NFL Commissioner Roger Goodell Admits League Was ‘Wrong For Not Listening’ To Players
SALT LAKE CITY, Utah – NFL commissioner Roger Goodell said that he admits the league was “wrong for not listening to NFL players earlier and encourage all to speak out and peacefully protest.”
Goodell released the apology in a video post from the NFL’s official Twitter account on Friday, June 5.
“It has been a difficult time for our country. In particular, black people in our country,” Goodell said. “First, my condolences to the families of George Floyd, Breonna Taylor, Ahmaud Arbery, and all the families who have endured police brutality. We, the National Football League, condemn racism and the systematic oppression of black people. We, the National Football League, admit we were wrong for not listening to NFL players earlier and encourage all to speak out and peacefully protest. We, the National Football League, believe Black Lives Matter. I personally protest with you and want to be part of the much-needed change in this country.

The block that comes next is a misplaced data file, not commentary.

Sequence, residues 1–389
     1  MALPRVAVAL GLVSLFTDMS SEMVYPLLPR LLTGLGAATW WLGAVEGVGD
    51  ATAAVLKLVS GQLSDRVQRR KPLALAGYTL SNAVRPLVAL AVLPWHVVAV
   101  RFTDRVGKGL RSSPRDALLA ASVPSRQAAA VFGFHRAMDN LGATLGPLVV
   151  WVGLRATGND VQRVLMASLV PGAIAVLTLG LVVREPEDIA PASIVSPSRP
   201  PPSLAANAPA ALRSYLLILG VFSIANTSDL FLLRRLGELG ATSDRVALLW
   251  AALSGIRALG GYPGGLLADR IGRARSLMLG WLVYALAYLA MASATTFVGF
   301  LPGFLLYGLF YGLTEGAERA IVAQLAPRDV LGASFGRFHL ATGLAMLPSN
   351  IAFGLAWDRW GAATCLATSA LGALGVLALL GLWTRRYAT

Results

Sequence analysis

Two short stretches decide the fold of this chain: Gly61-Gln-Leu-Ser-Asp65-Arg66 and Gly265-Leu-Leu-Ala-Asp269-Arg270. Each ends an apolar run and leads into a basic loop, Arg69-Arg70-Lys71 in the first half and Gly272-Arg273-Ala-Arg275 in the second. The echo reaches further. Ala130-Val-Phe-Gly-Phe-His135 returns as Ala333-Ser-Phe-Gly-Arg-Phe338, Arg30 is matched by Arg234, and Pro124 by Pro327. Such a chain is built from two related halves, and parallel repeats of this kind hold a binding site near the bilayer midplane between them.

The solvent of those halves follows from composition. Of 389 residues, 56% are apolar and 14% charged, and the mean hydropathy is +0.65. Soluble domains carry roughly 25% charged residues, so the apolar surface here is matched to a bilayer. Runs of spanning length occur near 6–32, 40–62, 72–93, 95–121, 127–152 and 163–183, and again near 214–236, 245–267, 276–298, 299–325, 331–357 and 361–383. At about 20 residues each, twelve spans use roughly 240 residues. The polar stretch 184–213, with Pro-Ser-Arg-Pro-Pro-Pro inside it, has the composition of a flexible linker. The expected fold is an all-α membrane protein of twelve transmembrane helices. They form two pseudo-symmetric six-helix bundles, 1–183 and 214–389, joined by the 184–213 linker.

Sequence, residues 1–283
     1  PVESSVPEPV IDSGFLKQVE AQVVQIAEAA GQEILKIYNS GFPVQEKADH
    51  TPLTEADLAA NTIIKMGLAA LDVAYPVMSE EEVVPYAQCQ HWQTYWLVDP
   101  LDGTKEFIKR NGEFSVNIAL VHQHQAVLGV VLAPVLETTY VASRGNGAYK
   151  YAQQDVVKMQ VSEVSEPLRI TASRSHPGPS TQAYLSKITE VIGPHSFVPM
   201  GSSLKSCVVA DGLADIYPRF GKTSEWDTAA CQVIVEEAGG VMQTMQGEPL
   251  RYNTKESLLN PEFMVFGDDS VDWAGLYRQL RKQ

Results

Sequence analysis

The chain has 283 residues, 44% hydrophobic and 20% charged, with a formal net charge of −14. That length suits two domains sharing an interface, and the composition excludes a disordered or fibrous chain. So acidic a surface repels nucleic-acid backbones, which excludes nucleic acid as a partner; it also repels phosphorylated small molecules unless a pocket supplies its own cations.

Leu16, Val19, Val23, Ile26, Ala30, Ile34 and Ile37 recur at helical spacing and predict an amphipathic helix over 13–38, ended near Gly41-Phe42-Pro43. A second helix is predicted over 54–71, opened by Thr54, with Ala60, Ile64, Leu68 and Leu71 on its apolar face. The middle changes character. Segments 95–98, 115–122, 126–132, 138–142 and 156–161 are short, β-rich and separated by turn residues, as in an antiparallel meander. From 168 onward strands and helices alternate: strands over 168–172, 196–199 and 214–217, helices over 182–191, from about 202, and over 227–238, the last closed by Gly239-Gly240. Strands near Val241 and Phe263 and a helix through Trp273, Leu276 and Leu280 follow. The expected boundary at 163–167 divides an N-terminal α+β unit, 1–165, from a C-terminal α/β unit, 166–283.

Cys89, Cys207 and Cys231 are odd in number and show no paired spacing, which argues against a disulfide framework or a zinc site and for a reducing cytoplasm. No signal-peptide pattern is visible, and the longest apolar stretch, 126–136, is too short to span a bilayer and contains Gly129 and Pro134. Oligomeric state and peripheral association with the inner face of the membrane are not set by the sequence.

“Without black players, there would be no National Football League. And the protests around the country are emblematic of the centuries of silence, inequality and oppression of black players, coaches, fans and staff,” the commissioner continued. “We are listening. I am listening, and I will be reaching out to players who have raised their voices and others on how we can improve and go forward for a better and more united NFL family.”
Goodell’s post was published one day after some of the NFL’s most prominent players, including Super Bowl MVP Patrick Mahomes, released a video asking that NFL condemn racism and racial injustice.
The players posted the video amid the nationwide protests sparked by the death of George Floyd. On May 25, Floyd, a black man, died after a white police officer knelt on Floyd’s neck for more than eight minutes.
Former San Francisco 49ers quarterback Colin Kaepernick first spoke out against racial injustice and police brutality in 2016. Kaepernick began to protest those issues by kneeling during the national anthem before the start of NFL games.